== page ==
NEW YORK -- The Mets called a familiar name in the closing stages of the 2017 Draft, selecting fan-favorite Edgardo Alfonzo's son, Daniel, with their 38th-round pick.
Alfonzo first opened local eyes as a high school sophomore, leading New York City with eight home runs in 48 at-bats. The next year, he helped carry Bayside High School to its first Public Schools Athletic League title, and as a senior, Alfonzo racked up 10 extra-base hits in 51 at-bats. Playing four varsity seasons in the shadow of Citi Field, Alfonzo never batted lower than .471.
"We've seen him quite a bit," Mets vice president of amateur scouting Tommy Tanous said, noting that Alfonzo played in the team's in-house amateur tournament, the Metropolitan Baseball Classic. "He's a really, really talented kid. He plays third base, can hit, can do a little bit of everything."
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Throughout high school, Alfonzo wore No. 13, which his father made famous during eight years in Flushing. An All-Star for the Mets in 2000 as a cog of their World Series team, the elder Alfonzo thrice finished in the top 15 in NL MVP voting. Of his 146 career home runs, 120 came with the Mets.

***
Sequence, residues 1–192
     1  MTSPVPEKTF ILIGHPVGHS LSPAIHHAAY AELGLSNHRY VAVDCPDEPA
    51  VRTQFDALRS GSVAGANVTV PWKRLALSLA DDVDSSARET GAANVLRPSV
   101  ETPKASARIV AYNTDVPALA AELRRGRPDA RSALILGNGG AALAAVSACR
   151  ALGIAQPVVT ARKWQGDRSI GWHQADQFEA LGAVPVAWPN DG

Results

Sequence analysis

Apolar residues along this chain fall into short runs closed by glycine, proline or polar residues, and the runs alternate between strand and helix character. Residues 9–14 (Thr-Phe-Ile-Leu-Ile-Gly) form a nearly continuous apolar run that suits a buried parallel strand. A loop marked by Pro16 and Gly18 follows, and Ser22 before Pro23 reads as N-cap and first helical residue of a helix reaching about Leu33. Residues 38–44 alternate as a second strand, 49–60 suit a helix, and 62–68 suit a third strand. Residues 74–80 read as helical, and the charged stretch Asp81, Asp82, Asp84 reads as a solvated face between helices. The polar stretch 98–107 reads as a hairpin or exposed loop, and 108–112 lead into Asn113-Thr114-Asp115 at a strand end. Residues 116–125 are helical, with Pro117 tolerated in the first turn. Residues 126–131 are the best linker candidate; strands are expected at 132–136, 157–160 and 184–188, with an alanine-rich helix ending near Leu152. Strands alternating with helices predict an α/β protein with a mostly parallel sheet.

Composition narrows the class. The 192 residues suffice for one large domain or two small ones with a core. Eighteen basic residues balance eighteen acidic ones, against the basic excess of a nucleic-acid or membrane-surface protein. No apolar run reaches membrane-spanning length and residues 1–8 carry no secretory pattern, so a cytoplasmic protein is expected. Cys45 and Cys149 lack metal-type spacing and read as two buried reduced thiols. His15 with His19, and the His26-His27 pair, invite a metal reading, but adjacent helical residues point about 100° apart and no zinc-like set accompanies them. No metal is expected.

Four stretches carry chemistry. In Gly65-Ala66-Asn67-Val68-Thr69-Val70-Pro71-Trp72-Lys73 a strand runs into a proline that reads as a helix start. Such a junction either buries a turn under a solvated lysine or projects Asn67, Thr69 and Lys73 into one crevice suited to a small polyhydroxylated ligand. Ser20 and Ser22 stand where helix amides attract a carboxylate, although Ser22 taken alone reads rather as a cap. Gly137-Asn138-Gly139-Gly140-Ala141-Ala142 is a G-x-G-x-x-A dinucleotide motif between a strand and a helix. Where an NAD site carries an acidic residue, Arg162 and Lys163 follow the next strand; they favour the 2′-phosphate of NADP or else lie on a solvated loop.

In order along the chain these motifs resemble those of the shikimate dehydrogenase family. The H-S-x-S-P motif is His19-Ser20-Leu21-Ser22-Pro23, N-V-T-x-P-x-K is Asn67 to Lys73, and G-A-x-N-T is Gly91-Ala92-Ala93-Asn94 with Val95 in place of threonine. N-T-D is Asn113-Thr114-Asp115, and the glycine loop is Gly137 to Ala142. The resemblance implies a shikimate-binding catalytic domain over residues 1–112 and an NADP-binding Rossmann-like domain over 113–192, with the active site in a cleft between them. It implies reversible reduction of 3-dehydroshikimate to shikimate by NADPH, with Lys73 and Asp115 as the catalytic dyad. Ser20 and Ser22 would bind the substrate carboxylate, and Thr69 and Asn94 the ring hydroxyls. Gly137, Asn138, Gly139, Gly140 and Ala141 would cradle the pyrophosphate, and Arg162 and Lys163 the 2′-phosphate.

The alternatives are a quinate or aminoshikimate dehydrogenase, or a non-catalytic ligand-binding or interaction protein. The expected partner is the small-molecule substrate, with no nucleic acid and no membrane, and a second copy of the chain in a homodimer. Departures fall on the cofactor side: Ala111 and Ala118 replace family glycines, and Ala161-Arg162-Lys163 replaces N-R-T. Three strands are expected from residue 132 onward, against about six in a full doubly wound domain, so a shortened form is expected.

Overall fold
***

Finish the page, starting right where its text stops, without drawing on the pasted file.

This isn't the first time the Mets have drafted a former player's son. In the 42nd round of the 2010 Draft, they selected former closer John Franco's son, J.J., who went on to play baseball at Brown University.
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Like J.J. Franco, the younger Alfonzo is no stranger to professional clubhouses, sometimes spending time with the Class A Brooklyn Cyclones team that his father manages.
"He's a great kid," Tanous said. "Obviously, the bloodlines are there. And he's a heck of a baseball player."
Anthony DiComo has covered the Mets for MLB.com since 2008. Follow him on Twitter @AnthonyDiComo and Facebook, and listen to his podcast. This story was not subject to the approval of Major League Baseball or its clubs.